You’re heading out—but did you remember your sunscreen? And did you remember to check the label on that sunscreen? Turns out a common sunscreen ingredient has been implicated in the destruction of coral reefs around the world.
As you’re gearing up for your ride, you’ll be sure to slather on your sunscreen, right? Protecting ourselves from the sun’s damaging rays is as important as protecting our noggins from the damaging effects of a fall from the saddle. But did you know that the kind of sunscreen you use can also have damaging effects on our environment?
Narrowing down the culprit
There is growing concern that our sunscreens may be contributing to the destruction of coral reefs around the world. Oxybenzone, an ingredient in sunscreen that blocks ultraviolet rays, is one factor linked to their destruction, says a study published in the journal Archives of Environmental Contamination and Toxicology.
Even a very small amount can damage DNA in mature and larval coral organisms and threaten or even kill coral reefs. Oxybenzone is categorized as a photo-toxicant, meaning it becomes more harmful in bright light, typical of tropical environments. The chemical also speeds up coral bleaching, a process that happens when corals reject miniscule algae living in their tissues that give them their vibrant colour, leaving them white instead.
How big a problem is it?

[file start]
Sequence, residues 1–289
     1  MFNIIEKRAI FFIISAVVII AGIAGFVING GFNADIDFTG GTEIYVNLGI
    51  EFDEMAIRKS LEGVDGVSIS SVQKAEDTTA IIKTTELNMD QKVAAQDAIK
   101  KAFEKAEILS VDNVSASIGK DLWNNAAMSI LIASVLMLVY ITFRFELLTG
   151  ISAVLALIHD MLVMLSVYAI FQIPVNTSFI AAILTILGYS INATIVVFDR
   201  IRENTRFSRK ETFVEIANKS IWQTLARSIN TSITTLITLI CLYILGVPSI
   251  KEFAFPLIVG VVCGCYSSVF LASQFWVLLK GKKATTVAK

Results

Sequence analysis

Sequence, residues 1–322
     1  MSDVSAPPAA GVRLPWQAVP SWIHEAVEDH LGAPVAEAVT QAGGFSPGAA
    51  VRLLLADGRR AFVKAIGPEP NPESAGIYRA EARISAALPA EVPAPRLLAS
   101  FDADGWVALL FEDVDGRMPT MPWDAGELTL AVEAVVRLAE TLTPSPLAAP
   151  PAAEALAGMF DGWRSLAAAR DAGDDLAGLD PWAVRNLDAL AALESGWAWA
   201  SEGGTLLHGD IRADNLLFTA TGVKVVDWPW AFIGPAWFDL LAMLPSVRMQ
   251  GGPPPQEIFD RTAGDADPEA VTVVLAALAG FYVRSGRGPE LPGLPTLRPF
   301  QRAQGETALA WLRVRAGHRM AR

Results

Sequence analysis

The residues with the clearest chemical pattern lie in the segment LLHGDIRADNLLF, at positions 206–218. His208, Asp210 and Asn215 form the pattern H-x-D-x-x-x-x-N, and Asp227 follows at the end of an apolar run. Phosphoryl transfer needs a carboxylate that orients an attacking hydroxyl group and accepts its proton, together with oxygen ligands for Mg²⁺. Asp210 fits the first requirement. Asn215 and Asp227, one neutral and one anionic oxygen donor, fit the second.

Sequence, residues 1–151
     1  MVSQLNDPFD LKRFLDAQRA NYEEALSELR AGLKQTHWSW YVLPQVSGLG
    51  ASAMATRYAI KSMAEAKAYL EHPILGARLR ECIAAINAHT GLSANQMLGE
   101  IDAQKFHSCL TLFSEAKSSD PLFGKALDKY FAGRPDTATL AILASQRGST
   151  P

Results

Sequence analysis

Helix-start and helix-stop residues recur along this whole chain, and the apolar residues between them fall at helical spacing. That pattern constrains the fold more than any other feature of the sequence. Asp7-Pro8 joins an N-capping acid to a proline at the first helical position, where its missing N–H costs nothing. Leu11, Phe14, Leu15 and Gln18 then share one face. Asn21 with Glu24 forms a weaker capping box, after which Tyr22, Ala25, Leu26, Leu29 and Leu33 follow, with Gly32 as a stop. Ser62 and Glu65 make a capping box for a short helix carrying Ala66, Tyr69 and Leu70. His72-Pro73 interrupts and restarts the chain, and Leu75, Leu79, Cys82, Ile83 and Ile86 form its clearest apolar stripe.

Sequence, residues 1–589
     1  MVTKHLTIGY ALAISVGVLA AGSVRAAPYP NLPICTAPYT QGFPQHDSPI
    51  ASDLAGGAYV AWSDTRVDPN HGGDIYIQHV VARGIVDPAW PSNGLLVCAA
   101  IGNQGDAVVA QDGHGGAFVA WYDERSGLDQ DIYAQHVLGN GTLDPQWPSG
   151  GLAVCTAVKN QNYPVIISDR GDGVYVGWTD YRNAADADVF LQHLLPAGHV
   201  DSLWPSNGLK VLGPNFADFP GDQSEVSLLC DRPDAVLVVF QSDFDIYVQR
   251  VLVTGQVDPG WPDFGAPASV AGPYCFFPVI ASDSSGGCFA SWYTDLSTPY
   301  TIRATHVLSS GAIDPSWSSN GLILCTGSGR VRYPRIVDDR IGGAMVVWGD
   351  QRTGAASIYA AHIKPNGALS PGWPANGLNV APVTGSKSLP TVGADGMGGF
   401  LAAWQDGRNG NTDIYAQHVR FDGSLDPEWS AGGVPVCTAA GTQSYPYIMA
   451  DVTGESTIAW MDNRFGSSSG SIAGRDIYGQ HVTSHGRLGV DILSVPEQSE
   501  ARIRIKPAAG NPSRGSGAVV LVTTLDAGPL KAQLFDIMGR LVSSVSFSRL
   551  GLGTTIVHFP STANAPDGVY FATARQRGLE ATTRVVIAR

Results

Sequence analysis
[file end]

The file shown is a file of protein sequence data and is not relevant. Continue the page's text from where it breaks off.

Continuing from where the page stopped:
Almost 6,000 tons of sunscreen bombard coral reefs each year, according to the US National Park Service. Omri Bronstein, a researcher at Tel Aviv University and study author, says that it only takes a concentration of 62 parts per trillion, or the equivalent of one drop of water in six and a half Olympic-size swimming pools for enough toxicity to occur to cause damage to fragile coral reefs. And, approximately 25 percent of the sunscreen you apply is washed off 20 minutes after you get into the water.
It’s important to note that swimming in the ocean isn’t the only way chemicals can infiltrate waterways. The waste water from bathroom showers eventually makes its way into the world’s oceans, making the results that much more detrimental.
An easy solution
When it comes to finding a way to protect our skin from both the sun’s harmful rays and protect fragile ocean life, the answer’s simple: switch to a mineral sunscreen containing zinc oxide or titanium dioxide.
Norah Covington, CEO and founder of a natural skin care company, says these ingredients both mirror and reflect rays away from the skin and are environmentally friendly. Long-sleeve shirts, rash guards, and scuba suits are also good alternatives to protect against the sun’s ultraviolet rays. And using sunscreen only on neck, face, feet, and backs of your hands can cut sunscreen levels in ocean water by up to 90 percent.
Hawaii legislation to protect coral reefs
In an effort to stop the destruction of Hawaii’s famous coral reefs, state senator Will Espero introduced a bill that would ban sunscreens (other than prescription) containing oxybenzone and octinoxate. The ban would ensure that existing coral reefs important to the state’s tourism industry would stay intact. The bill passed the Hawaiian Senate and moved on to the House of Representatives. The final hurdle is the Governor’s office; if approved, the law will set a precedent for coral reef preservation all over the world.